E171 is listed on food packaging as a supplement, but it is also found in many cosmetics, medicines, and even road surfaces: titanium dioxide is all around us. But it can be carcinogenic.
Titanium dioxide (titanium dioxide) fascinates customers: when E171 is added to cakes, desserts, ready-made soups, pastries and sauces, they all look brighter, fresher and crispier, Deutsche Welle reports.
The industry takes advantage of the strong brightness and good coating properties of the white pigment, which is also found in many cosmetic products, such as toothpaste, where it is hidden under the designation CI77891. We also find it in a number of medicines, sunscreens, glues and rubber products, in varnishes and paints, even in concrete and paper.
The production of titanium dioxide is a huge business – the world production is between 4 and 5 million tons, of which in Europe alone a little more than one million tons are produced. However, the food industry on the European market will have to abandon this supplement altogether, because after many years of negotiations, the European Commission banned EU food from containing titanium dioxide in mid-January 2022 – due to its possible carcinogenic effect.
France banned the use of this ingredient in food as early as 2020. As a result, a number of food producers prudently refused to use the contested supplement, in part or in full.
The European Commission’s proposal to ban the ingredient was submitted in the spring of 2021 on the basis of a revised recommendation of the European Food Safety Authority (EFSA). And among EFSA, doubts about the security of E171 prevailed. In the end, no definitive conclusions were drawn on the toxic nature of the ingredient, but at the same time the possibility that it may adversely affect human hereditary material or cause cancer was not ruled out. Doubts, therefore, were not completely dispelled, which is why EFSA recommended abandoning the use of titanium dioxide in food.
How dangerous is E171 really?
It has been suspected for years that titanium dioxide may be carcinogenic. In 2017, French scientists proved with experimental mice that regular intake of E171 damages the immune system and causes inflammation of the intestines. In these experiments, it was shown that titanium dioxide crosses the intestinal barrier and acts as a nanoparticle in the blood. It remains unclear whether it can cross the blood-brain barrier. It is permeable to nutrients, but not to most harmful substances or pathogens. The blood-brain barrier serves to protect the brain.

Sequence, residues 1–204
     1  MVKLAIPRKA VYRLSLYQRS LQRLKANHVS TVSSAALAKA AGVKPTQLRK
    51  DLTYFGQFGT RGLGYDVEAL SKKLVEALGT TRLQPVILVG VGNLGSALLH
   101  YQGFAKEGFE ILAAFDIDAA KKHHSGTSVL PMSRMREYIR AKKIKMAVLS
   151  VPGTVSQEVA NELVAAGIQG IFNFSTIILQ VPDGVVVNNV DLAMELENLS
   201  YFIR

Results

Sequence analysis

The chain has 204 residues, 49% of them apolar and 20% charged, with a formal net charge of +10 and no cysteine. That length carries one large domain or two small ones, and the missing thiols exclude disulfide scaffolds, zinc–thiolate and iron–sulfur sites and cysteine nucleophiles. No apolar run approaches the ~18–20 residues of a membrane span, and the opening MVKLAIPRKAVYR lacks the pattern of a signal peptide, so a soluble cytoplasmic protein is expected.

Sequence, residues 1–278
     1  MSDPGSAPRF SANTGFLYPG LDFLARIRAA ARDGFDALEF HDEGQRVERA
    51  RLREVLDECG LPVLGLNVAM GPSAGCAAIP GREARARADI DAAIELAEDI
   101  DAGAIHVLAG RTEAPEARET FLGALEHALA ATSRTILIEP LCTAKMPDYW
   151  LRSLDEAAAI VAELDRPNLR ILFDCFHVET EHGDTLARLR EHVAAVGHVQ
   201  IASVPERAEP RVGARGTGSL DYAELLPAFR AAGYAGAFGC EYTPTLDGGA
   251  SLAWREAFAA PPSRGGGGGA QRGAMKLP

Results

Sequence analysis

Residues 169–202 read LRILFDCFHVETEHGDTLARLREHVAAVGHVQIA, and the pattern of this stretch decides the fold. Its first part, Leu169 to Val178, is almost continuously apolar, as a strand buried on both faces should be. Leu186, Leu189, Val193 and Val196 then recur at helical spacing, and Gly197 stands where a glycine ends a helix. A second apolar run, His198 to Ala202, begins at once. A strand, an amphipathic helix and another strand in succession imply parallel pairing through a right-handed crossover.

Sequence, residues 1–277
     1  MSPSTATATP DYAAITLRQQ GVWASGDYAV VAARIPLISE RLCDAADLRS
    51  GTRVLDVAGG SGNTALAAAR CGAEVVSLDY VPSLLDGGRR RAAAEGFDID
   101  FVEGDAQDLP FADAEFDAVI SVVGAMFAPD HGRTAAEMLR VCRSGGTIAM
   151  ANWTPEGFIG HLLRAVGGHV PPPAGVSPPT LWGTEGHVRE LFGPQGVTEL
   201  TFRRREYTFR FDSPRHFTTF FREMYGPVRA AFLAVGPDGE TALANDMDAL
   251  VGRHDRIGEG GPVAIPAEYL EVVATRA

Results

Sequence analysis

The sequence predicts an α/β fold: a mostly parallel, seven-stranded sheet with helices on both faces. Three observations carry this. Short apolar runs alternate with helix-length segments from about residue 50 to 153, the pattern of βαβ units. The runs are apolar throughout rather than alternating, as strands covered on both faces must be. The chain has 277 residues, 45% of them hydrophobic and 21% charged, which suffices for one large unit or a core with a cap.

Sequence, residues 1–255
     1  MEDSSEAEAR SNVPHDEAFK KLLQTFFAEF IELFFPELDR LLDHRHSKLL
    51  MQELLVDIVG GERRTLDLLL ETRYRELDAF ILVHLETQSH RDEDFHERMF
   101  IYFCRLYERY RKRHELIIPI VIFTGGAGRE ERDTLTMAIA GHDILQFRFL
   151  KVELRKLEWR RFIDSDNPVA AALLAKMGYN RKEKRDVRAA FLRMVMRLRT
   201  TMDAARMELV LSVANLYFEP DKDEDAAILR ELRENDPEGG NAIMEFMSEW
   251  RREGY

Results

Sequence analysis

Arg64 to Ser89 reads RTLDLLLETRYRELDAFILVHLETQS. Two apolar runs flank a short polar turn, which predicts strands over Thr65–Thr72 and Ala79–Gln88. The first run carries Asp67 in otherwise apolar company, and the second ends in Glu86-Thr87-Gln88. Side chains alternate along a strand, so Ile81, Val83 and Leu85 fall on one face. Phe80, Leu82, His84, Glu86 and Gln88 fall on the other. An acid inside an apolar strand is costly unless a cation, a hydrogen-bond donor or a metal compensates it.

While the European food safety institutions have strong doubts about the harmful effects of titanium dioxide, the most important producers of this substance in Europe are defending the exact opposite view. They argue that EFSA’s position is based on unrealistic assumptions and that the materials used in the tests were not representative.
Danger of inhalation of particles
The ban on titanium dioxide announced by the European Commission will take effect in half a year, but only applies to food products. In the rest it will be possible to invest in the future. However, the widely used emollient probably poses health risks not only in food.
In 2017, the European Chemicals Risk Assessment Committee (ECHA), for example, described titanium dioxide as ‘presumably carcinogenic by inhalation’. This happens, for example, when spraying with varnishes and paints containing titanium dioxide, or when using sunscreen sprays. In road construction, the substance is used, for example, in the form of grains, which are used in concrete pavement. The goal is to convert titanium dioxide to water-soluble nitrate under the influence of sunlight, which is then washed away by rain. This reduces harmful substances in the air. To date, it has not been definitively established whether inhalation of titanium dioxide is carcinogenic or not. Opinions on the issue remain diametrically opposed.
A ban not only on food?
The chemical industry fears the European Commission may extend the ban on the use of titanium dioxide to products outside the food industry. In any case, the ban on E171 in food will not put an end to fierce controversy.